The bill has been in the works for over a year. Senator Jim Webb (D-Va) has been one of the major proponents for an updated version of the GI Bill, which was first introduced by Franklin Roosevelt in 1941.

The main argument for a new GI Bill is that the existing GI Bill has not adequately kept up with the rising cost of tuition. Proponents argue that the existing GI Bill does not cover tuition and expenses at a number of public universities and that active duty veterans must pay $1,200 at the beginning of their enlistment to even be eligible. Strong educational benefits would also serve as a strong incentive for enlistment.

GIBill2008.org is a site dedicated to the new GI Bill. It provides a good overview of this initiative as well as a quick comparison between the new and old GI Bills.

The new GI Bill would essentially cover tuition up to the cost of the most expensive public university in the state. The tuition payments could be used at any public or private college or university. It would also include a $1,000 yearly stipend for books and supplies, and veterans would have up to 15 years to use the benefit.

The new GI Bill would cover members of the military who have served on active duty since September 11, 2001, including reservists and members of the National Guard.

The GI Bill has been a major component of financial aid for veterans over the last 60 years and has generally been viewed as a successful program.

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Blogger www.CollegeToolkit.com  
June 20, 2008 9:30 AM
New GI Bill likely to be enacted, which is great news for current armed forces personnel looking toward a college degree down the road.

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Student Lender Options Dwindling... Especially at 2-year Colleges

Monday, June 2, 2008

The New York Times recently ran a piece about a number of student lenders closing their doors to students at 2-year colleges. Several major lenders are paring down the list of colleges to which they offer loans. The lenders cited in the article are household names, including Citibank, JPMorgan Chase, PNC, and SunTrust.

In its simplest form, lending money is all about risks and returns. When banks evaluate loans, they are basically determining an expected return on the money borrowed, which factors in the interest rate, fees, costs of customer acquisition, and an assessment of the risk of default.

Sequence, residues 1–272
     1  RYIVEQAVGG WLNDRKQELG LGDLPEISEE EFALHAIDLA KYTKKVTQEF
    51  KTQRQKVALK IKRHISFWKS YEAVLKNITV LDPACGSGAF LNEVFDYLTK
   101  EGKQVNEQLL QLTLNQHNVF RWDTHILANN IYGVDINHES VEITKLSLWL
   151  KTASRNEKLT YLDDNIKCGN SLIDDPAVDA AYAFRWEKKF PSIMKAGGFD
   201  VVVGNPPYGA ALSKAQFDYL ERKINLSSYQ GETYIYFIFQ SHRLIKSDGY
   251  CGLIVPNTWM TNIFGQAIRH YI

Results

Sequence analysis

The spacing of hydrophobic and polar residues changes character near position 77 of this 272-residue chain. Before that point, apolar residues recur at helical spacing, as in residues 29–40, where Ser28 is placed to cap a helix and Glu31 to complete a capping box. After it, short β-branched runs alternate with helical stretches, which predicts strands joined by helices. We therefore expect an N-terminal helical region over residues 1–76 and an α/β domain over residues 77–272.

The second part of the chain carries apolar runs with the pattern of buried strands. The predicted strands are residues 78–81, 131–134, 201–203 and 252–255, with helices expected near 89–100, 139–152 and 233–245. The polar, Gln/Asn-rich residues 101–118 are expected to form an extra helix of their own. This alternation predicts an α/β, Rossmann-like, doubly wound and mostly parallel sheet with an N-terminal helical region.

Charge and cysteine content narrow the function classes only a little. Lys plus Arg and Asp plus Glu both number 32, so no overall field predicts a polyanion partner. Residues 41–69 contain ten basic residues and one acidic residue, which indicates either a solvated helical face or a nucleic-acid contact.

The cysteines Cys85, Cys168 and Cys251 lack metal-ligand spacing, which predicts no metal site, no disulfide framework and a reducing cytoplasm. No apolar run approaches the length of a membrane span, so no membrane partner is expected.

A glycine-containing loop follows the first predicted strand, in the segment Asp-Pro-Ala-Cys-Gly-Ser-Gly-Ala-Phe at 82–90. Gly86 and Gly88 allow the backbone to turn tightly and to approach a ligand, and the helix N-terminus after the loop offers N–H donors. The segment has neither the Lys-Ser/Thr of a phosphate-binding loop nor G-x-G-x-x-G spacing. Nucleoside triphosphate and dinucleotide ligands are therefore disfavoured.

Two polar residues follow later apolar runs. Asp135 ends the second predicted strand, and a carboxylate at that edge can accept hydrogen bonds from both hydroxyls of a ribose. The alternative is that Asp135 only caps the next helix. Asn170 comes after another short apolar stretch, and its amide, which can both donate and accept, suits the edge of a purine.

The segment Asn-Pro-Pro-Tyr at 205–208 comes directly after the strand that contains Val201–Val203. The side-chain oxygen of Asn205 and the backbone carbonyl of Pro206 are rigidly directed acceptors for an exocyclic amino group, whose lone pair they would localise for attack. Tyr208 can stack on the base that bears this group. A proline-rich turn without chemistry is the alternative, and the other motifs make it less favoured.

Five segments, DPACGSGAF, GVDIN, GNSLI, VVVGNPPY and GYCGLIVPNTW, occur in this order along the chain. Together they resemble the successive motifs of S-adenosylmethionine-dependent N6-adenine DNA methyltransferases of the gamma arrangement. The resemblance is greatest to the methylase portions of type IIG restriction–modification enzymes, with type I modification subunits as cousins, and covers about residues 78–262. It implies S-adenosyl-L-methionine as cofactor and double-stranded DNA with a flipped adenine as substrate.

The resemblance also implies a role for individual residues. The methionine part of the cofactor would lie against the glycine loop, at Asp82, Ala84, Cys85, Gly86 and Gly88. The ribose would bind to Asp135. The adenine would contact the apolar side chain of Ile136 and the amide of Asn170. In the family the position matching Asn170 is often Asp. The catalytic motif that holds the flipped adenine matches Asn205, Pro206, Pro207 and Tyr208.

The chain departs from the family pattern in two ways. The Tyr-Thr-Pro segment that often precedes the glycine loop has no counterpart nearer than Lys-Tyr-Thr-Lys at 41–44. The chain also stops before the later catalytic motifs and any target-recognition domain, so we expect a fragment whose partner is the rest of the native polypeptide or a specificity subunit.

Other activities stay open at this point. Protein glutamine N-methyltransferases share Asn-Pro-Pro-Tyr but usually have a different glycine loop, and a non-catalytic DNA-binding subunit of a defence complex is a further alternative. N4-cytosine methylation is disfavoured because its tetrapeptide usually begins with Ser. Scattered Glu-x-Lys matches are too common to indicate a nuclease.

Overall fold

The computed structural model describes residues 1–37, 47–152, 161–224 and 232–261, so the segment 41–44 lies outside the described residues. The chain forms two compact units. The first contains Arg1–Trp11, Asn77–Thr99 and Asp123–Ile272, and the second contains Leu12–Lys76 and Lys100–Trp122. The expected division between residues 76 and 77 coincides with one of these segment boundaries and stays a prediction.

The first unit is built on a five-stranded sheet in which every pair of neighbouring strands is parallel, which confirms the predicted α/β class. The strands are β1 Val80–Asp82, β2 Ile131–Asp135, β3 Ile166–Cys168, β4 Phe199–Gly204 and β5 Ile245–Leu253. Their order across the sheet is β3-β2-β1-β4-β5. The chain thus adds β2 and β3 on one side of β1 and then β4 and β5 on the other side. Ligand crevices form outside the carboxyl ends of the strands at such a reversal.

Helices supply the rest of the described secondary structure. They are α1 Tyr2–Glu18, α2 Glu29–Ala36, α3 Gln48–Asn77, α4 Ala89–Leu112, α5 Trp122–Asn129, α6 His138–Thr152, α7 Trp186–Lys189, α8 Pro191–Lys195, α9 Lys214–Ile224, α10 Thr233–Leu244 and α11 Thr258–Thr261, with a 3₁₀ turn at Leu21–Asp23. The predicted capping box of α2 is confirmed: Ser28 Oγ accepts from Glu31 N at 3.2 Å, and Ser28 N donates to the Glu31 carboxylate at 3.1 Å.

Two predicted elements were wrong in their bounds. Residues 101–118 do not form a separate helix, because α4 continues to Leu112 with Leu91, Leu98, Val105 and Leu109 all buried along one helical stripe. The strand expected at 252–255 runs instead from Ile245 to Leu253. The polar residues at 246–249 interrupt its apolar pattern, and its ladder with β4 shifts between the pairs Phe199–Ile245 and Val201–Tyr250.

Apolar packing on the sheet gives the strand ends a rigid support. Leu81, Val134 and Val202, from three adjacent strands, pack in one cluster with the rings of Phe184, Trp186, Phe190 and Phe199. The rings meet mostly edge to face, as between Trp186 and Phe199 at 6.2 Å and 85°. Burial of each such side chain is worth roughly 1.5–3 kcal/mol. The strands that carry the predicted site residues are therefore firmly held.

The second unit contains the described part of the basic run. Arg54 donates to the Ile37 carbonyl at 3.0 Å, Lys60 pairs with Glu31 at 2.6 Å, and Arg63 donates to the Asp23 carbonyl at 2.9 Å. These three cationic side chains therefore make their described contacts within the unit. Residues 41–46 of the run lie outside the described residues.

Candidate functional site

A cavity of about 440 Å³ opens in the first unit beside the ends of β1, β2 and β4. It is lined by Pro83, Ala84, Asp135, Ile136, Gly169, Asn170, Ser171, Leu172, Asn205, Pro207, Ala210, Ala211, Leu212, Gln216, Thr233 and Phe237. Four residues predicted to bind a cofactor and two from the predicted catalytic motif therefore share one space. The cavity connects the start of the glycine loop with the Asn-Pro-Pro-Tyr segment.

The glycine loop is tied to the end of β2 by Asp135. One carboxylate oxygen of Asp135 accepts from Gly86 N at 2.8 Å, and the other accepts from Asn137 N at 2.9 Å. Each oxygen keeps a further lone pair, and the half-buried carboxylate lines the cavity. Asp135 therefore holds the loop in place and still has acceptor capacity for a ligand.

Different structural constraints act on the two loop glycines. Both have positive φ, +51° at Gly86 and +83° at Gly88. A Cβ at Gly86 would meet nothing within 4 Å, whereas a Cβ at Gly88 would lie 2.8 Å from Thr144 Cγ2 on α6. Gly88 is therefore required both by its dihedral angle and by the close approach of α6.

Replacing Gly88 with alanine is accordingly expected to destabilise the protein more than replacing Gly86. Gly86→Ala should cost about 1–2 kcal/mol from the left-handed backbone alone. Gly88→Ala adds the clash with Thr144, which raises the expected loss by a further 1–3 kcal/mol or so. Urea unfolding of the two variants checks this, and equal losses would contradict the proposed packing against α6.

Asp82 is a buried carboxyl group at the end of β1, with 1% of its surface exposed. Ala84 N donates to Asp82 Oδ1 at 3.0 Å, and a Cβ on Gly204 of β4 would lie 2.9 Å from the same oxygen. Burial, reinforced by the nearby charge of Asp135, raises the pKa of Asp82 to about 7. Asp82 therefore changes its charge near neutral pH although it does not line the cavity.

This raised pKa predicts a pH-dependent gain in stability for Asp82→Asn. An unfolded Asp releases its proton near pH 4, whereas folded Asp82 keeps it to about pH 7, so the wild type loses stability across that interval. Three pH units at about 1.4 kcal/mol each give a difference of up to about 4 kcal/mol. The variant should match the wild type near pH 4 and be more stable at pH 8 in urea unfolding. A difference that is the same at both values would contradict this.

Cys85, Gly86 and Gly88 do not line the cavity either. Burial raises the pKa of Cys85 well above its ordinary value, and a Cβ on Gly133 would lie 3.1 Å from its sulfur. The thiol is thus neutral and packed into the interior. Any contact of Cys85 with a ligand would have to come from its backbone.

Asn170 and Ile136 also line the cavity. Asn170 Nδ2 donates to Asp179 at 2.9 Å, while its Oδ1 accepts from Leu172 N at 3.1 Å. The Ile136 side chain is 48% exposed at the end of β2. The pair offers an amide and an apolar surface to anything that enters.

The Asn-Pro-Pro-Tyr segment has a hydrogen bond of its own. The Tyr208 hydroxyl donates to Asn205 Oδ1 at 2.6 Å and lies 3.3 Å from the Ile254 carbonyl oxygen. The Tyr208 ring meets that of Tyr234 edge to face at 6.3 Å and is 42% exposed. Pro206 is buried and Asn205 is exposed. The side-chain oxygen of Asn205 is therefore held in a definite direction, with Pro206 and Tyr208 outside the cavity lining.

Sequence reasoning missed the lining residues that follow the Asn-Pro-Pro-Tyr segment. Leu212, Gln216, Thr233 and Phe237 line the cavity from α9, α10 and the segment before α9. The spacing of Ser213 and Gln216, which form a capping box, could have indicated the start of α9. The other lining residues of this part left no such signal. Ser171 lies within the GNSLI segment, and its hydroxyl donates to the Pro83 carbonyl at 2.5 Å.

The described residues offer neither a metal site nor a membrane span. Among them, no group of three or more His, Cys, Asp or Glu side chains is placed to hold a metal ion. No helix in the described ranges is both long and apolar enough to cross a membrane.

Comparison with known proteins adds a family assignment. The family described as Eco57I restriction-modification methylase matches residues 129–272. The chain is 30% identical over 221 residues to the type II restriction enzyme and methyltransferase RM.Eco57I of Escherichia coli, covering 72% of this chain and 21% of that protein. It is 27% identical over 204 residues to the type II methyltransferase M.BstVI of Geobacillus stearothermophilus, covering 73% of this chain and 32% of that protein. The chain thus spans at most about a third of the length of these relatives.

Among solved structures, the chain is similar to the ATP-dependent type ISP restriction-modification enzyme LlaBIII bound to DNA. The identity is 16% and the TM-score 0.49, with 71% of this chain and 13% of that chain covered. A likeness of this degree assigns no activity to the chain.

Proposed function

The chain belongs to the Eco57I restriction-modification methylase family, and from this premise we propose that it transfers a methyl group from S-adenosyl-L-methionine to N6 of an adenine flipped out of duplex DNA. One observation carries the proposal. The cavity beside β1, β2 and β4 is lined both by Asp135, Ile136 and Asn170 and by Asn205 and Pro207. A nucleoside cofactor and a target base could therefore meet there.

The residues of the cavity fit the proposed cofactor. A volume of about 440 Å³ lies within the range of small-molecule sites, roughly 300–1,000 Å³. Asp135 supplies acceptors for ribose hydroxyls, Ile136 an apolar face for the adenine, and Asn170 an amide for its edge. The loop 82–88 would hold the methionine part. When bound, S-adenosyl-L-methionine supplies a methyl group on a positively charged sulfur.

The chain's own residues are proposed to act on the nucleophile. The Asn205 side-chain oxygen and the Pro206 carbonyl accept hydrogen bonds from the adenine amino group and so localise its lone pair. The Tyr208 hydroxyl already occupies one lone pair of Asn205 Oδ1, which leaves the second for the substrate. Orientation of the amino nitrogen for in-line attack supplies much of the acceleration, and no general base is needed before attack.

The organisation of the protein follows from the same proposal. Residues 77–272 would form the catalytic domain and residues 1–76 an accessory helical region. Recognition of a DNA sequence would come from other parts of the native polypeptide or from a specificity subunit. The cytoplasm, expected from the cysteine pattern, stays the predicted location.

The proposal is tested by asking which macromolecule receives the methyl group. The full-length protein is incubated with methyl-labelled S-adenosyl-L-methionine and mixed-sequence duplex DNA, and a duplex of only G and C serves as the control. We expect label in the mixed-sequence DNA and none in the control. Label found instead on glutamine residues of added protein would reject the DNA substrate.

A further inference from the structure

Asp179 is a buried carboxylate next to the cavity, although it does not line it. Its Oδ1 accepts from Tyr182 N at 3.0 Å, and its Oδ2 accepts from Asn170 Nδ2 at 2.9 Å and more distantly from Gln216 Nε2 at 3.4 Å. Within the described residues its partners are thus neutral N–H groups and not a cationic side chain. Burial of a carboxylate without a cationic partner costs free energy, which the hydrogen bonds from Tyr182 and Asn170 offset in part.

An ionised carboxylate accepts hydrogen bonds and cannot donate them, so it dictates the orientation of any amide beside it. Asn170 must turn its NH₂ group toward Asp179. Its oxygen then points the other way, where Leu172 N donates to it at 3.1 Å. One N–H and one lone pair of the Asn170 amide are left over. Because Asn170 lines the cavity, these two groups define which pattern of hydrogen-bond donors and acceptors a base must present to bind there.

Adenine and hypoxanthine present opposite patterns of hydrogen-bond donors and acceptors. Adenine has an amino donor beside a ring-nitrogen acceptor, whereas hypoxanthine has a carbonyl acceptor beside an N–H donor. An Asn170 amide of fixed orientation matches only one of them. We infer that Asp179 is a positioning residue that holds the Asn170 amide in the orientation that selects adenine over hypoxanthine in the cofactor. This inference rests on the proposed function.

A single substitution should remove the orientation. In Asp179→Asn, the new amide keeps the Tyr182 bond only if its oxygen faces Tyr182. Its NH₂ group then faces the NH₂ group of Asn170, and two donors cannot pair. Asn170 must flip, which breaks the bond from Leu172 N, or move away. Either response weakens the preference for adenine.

Risk and Student Loans

Determining the risk of a borrower is the main unknown for the bank and a key to profitability. In many cases, a borrower's credit history is the primary indicator of this risk. A better credit score indicates a lower risk. This is why you often need a parent to co-sign on a private student loan. They will usually have a better credit score than you.

Cost of Customer Acquisition

However, that's not the only factor that drives profitability for lenders. The cost of customer acquisition is key as well. That is, how much does it cost to get a borrower to select your bank as their student lender. This is basically advertising and marketing that a student lender spends to attract your attention and get you to their application form.

Why Student Lenders Might Choose Not to Loan to Students at 2-year Colleges

The combination of risk and cost of acquisition are probably two of the main drivers behind these banks' decisions. Graduates of 2-year colleges will typically earn less money than graduates of 4-year colleges. A lower income likely translates into a higher default rate.

On top of that, 2-year colleges also cost less than 4-year colleges. That means that these students will be taking out smaller loans. Let's assume that a lender's cost of customer acquisition is $100. If a 2-year college student typically takes out $2,000 in loans, the acquisition cost is 5 percent of the loan ($100 acquisition cost / $2000 loan). If a 4-year college student typically takes out $10,000 in loans, the acquisition cost is 1 percent of the loan ($100 / $10,000). This means that a 4-year college student is likely going to be more profitable, assuming the same cost of customer acquisition.

For those of you attending 2-year colleges, you may notice that you and your parents have fewer options this fall for your Stafford, PLUS, and Private loans.